It saddens me greatly to see an amazing company like HP walking away from an industry it helped found. Maybe the problem for HP is they have too many engineers and not enough dreamers. Because that is exactly what we need: dreamers in companies with the size and expertise to turn those dreams into reality.


Android Looking More Like a Good Platform to Develop For (or Has Apple Crossed to the Darkside)

An article from today on Fast Company presents some really interesting information about smart phone takeup rates and market penetration, so I recommend you go to the article and look it over. It has me thinking about many things to do with the iPhone and iPad.

What it shows is that while smart phones are still a small 19% of the total phone market, Android-based smart phones are doing very well in the market. Specifically, since third quarter 2009 the % of smartphones that use the Android platform has been rising smartly at exactly the same time that the % of smart phones from RIM (Blackberry) and Apple have dropped. Of course that does not mean that their overall numbers have dropped, or even stopped growing, but rather that as a % of all smart phones they have dropped slightly.

What this means for developers of applications is that they should not simply focus on Blackberry and iPhone development, but need to get behind Android too.

It would be speculation to discuss why the rapid rise of Android, and that is exactly what we will do. While I love my iPhone 3Gs, what I really love is the ability to easily use my phone to hold my music collection, apps that let me do productive work on the phone and the nice way it plays with my Apple computers and their software. There are things I do not like about my iPhone, such as only being able to put Apps on it that Apple has censored and approved, unless I am willing to jail break it. This seems too much like Stalinist Russia for my tastes.

Up until now Android phones have not been something I have paid much attention to, rather I’ve been concentrating on the iPhone and iPad and getting my head around app development for those and website compatibility with the iPad browser. That changes as of today.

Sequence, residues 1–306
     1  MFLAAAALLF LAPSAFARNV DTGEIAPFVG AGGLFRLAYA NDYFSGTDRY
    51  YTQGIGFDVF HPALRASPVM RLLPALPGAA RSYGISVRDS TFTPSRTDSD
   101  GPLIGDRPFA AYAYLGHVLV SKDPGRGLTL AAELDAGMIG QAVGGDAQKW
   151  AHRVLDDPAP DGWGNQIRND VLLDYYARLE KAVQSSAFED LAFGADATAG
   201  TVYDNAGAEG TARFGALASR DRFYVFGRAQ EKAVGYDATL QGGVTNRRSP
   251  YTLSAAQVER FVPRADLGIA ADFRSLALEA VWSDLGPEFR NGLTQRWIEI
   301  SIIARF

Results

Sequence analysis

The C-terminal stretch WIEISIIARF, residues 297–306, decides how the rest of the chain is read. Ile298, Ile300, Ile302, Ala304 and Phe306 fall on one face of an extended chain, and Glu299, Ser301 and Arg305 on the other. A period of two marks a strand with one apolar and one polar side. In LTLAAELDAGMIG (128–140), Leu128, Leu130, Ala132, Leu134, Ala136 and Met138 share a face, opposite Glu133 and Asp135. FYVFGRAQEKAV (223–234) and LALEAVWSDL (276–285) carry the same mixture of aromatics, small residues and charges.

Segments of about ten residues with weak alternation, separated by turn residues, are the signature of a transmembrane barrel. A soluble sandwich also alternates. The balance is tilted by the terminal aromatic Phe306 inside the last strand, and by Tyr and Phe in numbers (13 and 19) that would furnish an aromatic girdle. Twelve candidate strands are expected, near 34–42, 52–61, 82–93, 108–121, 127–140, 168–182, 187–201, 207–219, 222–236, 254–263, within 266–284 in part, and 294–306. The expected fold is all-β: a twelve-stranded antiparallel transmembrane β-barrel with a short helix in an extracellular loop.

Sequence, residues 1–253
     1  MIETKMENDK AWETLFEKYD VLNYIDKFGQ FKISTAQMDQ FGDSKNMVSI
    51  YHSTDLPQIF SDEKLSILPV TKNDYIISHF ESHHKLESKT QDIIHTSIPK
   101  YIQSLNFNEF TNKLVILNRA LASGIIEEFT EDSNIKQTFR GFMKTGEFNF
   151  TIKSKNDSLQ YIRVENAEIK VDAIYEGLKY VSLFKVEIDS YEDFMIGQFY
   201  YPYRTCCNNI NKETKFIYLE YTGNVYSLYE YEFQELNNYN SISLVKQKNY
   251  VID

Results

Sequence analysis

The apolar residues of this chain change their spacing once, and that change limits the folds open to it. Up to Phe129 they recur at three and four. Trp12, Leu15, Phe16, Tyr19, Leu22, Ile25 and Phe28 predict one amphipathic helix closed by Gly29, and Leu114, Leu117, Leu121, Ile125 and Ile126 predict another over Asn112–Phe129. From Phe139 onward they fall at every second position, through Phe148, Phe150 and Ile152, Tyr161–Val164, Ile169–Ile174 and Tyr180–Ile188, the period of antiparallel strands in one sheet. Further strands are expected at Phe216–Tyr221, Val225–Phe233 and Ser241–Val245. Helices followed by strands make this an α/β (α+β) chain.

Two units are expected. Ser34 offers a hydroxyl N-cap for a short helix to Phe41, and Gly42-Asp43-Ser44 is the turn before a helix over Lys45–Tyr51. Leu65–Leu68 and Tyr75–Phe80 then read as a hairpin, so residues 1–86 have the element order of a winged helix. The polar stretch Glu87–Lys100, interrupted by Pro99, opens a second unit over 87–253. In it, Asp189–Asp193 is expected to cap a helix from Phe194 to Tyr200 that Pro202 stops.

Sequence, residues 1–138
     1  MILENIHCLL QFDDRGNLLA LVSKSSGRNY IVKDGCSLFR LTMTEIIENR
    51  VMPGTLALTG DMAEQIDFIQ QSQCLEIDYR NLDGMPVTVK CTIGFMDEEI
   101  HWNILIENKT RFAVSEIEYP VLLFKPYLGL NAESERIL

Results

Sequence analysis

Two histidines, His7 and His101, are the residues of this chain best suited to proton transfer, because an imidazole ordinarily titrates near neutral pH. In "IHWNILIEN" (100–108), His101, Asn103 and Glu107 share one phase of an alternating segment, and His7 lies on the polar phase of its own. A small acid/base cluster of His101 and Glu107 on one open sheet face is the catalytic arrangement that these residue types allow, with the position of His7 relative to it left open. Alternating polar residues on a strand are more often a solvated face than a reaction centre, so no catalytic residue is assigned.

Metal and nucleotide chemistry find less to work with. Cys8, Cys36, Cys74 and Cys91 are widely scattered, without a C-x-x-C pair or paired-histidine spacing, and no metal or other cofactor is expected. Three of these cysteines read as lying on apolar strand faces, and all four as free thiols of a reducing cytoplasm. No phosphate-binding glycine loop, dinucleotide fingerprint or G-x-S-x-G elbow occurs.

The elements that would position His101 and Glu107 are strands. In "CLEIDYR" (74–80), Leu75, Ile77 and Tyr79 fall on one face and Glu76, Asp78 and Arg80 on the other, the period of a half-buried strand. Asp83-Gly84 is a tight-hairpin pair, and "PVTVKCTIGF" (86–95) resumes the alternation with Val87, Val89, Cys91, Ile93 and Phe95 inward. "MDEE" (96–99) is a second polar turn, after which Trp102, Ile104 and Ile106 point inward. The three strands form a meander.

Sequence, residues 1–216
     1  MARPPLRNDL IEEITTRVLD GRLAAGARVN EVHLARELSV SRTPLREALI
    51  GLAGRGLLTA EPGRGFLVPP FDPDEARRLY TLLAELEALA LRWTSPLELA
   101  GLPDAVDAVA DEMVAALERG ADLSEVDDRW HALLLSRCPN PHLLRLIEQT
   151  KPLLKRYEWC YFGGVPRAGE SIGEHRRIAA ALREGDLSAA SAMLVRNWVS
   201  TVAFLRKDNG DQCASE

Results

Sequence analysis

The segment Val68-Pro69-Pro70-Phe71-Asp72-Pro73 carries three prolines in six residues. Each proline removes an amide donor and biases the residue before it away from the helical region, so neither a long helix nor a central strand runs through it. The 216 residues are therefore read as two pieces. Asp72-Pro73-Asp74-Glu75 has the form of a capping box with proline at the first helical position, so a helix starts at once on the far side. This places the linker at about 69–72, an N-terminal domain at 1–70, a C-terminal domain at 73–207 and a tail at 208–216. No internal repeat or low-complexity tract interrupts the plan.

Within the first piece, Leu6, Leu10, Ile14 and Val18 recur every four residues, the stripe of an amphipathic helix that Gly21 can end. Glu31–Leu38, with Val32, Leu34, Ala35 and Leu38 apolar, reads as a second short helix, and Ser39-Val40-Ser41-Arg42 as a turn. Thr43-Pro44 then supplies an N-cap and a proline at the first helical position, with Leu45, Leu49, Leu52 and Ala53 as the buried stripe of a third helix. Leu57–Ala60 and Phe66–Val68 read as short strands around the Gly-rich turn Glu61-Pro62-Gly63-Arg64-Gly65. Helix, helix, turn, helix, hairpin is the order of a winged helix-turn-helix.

While like everyone else in Australia I am awaiting my iPad arrival, I am considering my future relationship with Apple. I’ve been an Apple user since the Apple II, indeed I made some money writing games for it, and I love the present generation of Apple laptops and desktops. Mac OS is a joy to use. But I am worried about the direction Apple is taking with the iPad. Whilst I can understand major restrictions on apps on a phone, since in the end it is primarily a phone and so I really don’t want any apps to screw things up when I need to make a call, the iPad is more like a laptop, only better. Apple seem to be shaping up to treat the iPad the same way as the iPhone, and I do not believe this is appropriate. I don’t believe it is appropriate because I can see the iPad in future iterations taking over from the laptop. My wife, for example, could do all she needs to do on a computer on an iPad-like device. No problems.

Why, for God’s sake, should:

  • I only be able to add applications to it from the Apple store?
  • Apple get to be the sole arbiter of what applications I can run?
  • I not be able to use my iPhone to provide Internet access to my iPad when away from a Wi-Fi hotspot?
  • I not be able to view Flash websites if I choose to? SUre if it is so bad given me a way to turn Flash off but leave the decision up to me if I am willing to suffer shorter battery life, etc.
  • I have to break the license agreement and jailbreak the iPad to do some or all of the above?

If the iPad were given away and Apple made its money solely off the services I would have no issue with the above constraints. But when I am paying an amount of money that would buy me a full fledged and open laptop, then it is different matter.

I am very concerned about the censorship issue inherent in Apple’s sole control over apps. While many Americans seem to have an issue with nipples (which is their right), this is not a mental illness that affects the whole world or even all Americans. If apps contains content you don’t like, don’t load it and use it. Surely it is that simple. And if Apple want to look after the young kid market put in an app rating system and let parents (or schools) set a level lock on content. The problem with censorship is that one person’s send them to hell pornography is another person’s healthy content. Sure, there is consensus among anyone with a brain that child pornography is bad news, but even there as the fairly recent controversy here in Australia over the photographer Bill Henson shows, there is not universal agreement about where the line is to be drawn. Censorship is a dangerous and steep slope, as Australia is finding over the government’s net censorship approach. And so Apple would do well to step away from this dangerous area and treat its customers as grown ups who are capable of making their own decisions.